OBJECTIVES: This study investigated the prevalence of silent myocardial infarction (MI) in patients presenting with first acute myocardial infarction (AMI), and its relation with mortality and major adverse cardiovascular events (MACE) at long-term follow-up.
BACKGROUND: Up to 54% of MI occurs without apparent symptoms. The prevalence and long-term prognostic implications of previous silent MI in patients presenting with seemingly first AMI are unclear.
METHODS: A 2-center observational longitudinal study was performed in 392 patients presenting with first AMI between 2003 and 2013, who underwent late gadolinium enhancement cardiac magnetic resonance (LGE-CMR) examination within 14 days post-AMI. Silent MI was assessed on LGE-CMR images by identifying regions of hyperenhancement with an ischemic distribution pattern in other territories than the AMI. Mortality and MACE (all-cause death, reinfarction, coronary artery bypass grafting, and ischemic stroke) were assessed at 6.8 ± 2.9 years follow-up.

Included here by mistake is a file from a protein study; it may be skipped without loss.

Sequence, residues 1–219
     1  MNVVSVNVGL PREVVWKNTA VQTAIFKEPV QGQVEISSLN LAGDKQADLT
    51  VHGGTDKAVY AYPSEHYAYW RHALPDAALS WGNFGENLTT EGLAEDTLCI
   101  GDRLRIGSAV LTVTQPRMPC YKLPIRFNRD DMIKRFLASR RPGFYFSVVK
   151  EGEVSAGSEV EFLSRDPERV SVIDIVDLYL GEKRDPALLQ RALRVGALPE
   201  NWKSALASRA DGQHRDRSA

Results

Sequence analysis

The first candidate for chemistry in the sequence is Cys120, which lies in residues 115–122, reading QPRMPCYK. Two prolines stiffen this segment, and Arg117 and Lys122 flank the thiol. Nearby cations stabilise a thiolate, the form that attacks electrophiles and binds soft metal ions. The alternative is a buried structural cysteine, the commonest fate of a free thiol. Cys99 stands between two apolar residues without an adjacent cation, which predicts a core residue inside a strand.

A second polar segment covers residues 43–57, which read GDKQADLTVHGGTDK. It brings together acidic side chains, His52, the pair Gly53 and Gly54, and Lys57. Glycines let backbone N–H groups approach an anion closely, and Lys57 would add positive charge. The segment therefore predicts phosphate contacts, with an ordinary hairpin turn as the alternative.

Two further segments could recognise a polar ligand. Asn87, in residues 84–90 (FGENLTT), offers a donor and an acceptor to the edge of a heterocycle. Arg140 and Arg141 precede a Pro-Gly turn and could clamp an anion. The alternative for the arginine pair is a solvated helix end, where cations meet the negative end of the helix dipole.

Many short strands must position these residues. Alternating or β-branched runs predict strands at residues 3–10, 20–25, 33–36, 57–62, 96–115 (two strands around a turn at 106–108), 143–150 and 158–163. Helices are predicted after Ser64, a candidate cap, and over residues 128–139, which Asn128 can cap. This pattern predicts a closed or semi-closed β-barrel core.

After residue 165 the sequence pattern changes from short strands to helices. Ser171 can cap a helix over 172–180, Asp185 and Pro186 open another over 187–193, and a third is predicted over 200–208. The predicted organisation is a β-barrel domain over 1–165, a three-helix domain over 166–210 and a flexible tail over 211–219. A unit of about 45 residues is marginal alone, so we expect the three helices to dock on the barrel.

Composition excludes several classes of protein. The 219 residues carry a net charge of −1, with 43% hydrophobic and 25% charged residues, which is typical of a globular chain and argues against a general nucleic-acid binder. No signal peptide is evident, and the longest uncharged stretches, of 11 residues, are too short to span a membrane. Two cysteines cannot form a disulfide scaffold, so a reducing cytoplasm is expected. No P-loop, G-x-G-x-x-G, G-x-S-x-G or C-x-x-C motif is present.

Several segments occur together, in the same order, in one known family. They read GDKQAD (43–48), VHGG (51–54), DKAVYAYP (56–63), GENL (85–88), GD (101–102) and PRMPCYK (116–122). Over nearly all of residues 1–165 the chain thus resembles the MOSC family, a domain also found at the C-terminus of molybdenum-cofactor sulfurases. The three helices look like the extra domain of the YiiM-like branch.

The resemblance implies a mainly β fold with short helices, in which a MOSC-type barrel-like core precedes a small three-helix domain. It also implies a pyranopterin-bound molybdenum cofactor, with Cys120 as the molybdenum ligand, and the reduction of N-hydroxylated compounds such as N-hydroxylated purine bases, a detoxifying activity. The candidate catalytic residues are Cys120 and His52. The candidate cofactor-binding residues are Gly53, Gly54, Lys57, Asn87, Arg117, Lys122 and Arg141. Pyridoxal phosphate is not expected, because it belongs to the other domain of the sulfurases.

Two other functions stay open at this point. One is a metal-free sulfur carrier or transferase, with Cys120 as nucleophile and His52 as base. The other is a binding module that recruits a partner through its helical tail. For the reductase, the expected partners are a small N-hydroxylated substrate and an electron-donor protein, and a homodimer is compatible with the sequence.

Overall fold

RESULTS: Thirty-two patients (8.2%) showed silent MI on LGE-CMR. Compared with patients without silent MI, mortality risk was higher in patients with silent MI (hazard ratio: 3.87; 95% confidence interval: 1.21 to 12.38; p = 0.023), as was risk of MACE (hazard ratio: 3.10; 95% confidence interval: 1.22 to 7.86; p = 0.017), both independent from clinical and infarction-related characteristics.
CONCLUSIONS: Silent MI occurred in 8.2% of patients presenting with first AMI and was independently related to poorer long-term clinical outcome, with a more than 3-fold risk of mortality and MACE. Silent MI holds prognostic value over important traditional prognosticators in the setting of AMI, indicating that these patients represent a high-risk subgroup warranting clinical awareness.